Keyword Frequency

Google algorithms have been designed to detect keyword stuffing, which is a black-hat search engine optimization practice that can result in penalties. Knowing keyword frequency is, therefore, essential to all your online content marketing endeavors as it helps you optimize your web pages without compromising the quality of your content.


What Is Keyword Frequency?

Keyword frequency, which is also called keyword density, refers to the number of times a search term appears on a piece of content. 

Finding the right keyword balance is an important part of your search engine optimization strategy. If your content doesn’t have enough keywords, you might have trouble ranking on search engine results pages, especially when you’re using competitive keywords. On the other hand, if your content contains too many keywords, it might get you in trouble with Google.


How to Calculate Keyword Frequency

Divide the number of times a keyword appears on a page by the total word count. Multiply the result by 100, and you’ll have your answer. That means an 800-word article that has a search term that appears 10 times has a keyword frequency of 1.25%.

There are also online SEO tools that can help you calculate it, especially for long-form digital media such as whitepapers and blog posts.


Why Does It Matter?

Google and other search engine algorithms are smarter than ever before. Part of their job is to ensure that web pages provide relevant and valuable content for people. Calculating and testing the keyword frequency of your content will help you prevent over-optimization and under-optimization.

Here are a few reasons why you need to calculate your content’s keyword frequency:

  • Ensure your visibility

The number of keywords you add to a web page or a paid ad will affect its visibility. It determines how well search engines will be able to find your content. In turn, it affects how well people will be able to find you organically.

  • Improve user experience

Adding too many unnecessary keywords hurts the user experience. You can improve it by creating high-value content and sprinkling relevant keywords throughout the page. In turn, you can reduce bounce rates and drive conversions.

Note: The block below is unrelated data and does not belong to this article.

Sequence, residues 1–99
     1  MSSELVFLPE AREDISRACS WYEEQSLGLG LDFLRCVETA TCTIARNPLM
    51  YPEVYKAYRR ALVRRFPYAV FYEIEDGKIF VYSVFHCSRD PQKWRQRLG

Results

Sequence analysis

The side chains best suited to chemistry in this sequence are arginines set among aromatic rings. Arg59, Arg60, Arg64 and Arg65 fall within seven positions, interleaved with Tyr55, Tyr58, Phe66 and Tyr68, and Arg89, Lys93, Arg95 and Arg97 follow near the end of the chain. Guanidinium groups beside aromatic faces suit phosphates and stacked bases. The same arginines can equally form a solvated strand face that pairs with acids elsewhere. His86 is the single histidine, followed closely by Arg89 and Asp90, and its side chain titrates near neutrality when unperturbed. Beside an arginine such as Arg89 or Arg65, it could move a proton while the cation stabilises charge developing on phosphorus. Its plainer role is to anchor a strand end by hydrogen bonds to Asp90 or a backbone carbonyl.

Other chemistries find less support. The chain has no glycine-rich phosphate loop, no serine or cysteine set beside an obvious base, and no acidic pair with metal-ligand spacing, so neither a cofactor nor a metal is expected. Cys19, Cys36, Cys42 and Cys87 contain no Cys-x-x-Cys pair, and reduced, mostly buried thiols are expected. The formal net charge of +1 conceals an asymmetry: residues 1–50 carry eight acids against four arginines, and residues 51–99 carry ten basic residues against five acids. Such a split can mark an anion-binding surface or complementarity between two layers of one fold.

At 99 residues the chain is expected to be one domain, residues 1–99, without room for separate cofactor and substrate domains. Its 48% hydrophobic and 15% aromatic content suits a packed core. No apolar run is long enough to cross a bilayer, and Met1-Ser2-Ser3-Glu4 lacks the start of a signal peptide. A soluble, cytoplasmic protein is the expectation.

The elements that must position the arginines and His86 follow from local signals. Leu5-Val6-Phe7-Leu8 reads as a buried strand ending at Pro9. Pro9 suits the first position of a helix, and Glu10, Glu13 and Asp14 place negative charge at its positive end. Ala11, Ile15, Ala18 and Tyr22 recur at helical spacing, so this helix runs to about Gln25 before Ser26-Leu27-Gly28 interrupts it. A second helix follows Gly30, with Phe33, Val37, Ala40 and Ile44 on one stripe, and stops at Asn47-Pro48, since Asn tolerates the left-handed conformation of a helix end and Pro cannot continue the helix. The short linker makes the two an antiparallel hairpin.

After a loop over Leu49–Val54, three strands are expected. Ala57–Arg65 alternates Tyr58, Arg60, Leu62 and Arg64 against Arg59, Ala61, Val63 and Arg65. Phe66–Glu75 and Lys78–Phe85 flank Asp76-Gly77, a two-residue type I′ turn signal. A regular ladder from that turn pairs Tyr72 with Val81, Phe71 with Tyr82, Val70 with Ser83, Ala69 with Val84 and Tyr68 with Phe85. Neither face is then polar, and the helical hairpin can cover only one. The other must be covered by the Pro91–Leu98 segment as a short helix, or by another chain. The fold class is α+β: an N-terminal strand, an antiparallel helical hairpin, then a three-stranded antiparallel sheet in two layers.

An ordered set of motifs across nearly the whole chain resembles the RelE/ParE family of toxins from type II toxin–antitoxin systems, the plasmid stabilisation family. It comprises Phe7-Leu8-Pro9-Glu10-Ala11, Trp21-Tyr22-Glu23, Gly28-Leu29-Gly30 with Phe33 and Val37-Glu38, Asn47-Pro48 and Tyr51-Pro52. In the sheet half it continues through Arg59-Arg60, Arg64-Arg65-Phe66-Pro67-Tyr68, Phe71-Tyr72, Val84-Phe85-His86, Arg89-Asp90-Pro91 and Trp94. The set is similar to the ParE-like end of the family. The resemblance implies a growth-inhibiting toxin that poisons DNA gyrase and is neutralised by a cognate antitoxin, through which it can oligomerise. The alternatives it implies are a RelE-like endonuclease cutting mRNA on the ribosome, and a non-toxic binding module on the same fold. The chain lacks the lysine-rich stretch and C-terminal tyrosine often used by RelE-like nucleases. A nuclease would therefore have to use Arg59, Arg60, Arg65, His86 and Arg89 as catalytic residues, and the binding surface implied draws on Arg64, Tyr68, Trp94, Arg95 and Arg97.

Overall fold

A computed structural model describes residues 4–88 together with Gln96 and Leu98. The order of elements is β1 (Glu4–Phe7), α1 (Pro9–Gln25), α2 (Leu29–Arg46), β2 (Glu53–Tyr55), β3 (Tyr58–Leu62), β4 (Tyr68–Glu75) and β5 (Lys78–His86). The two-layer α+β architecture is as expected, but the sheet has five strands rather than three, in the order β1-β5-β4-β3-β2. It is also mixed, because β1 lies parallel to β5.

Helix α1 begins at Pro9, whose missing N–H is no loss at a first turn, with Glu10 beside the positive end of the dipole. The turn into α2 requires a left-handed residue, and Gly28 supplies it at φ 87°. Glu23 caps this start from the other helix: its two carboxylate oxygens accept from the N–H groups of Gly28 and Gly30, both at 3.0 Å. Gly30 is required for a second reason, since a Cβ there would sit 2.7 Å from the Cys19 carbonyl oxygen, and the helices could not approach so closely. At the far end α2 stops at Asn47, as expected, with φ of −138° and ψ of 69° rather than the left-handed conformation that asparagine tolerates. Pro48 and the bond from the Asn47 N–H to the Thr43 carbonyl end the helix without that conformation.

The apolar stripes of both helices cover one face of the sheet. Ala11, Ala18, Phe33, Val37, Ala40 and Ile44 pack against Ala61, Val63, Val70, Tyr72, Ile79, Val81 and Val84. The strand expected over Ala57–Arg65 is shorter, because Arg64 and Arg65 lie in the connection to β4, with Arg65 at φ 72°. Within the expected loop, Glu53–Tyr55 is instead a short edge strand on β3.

• Boost search rankings

Google values user experience more than the number of search queries on a page. Knowing how to calculate your keyword frequency enables you to avoid keyword stuffing.

  • Avoid penalties

Checking your keyword usage will help you avoid Google penalties, which may include ranking demotions or the full removal of your content from search listings.


How to Determine the Right Keyword Frequency

There is no ideal number. Most digital marketers stick to 1% or 2%.  However, even that isn’t true for all. The best way to determine the right keyword frequency for a piece of content is by performing regular tests.

Testing your web pages will help you determine how your keywords influence their rank. By conducting regular A/B tests, you can determine when a web page needs more or fewer keywords.

To determine the appropriate keyword density for your web pages, test the current performance of your content. Take note of the metrics before doing other tests. You can add or remove keywords to determine how your keyword frequency affects your web pages’ rankings. Depending on the results, you can make the necessary adjustments to ensure that your pages perform well.


Finding the Right Keyword Balance

Google penalizes websites that use too many keywords to manipulate the search rankings of their content. Instead of stuffing your web pages with your keywords, aim for keyword balance.

Here are a couple of strategic ways that can help you maintain optimal keyword balance.

  • Determine keyword placement

Place keywords strategically throughout your content as this will help you rank better on SERPs. Integrate your keywords into the URL, meta description, title tag, H1 tags, and H2 tags. You can also add your chosen keywords into your content, preferably at the beginning and end of the article.

  • Add keyword variations

Instead of filling a web page with the same keywords, use latent semantic indexing to add variety to your keywords. These refer to terms or phrases that are contextually related to your main keyword. The LSI keywords for the term “car,” for instance, can be “automobile” and “vehicle.”

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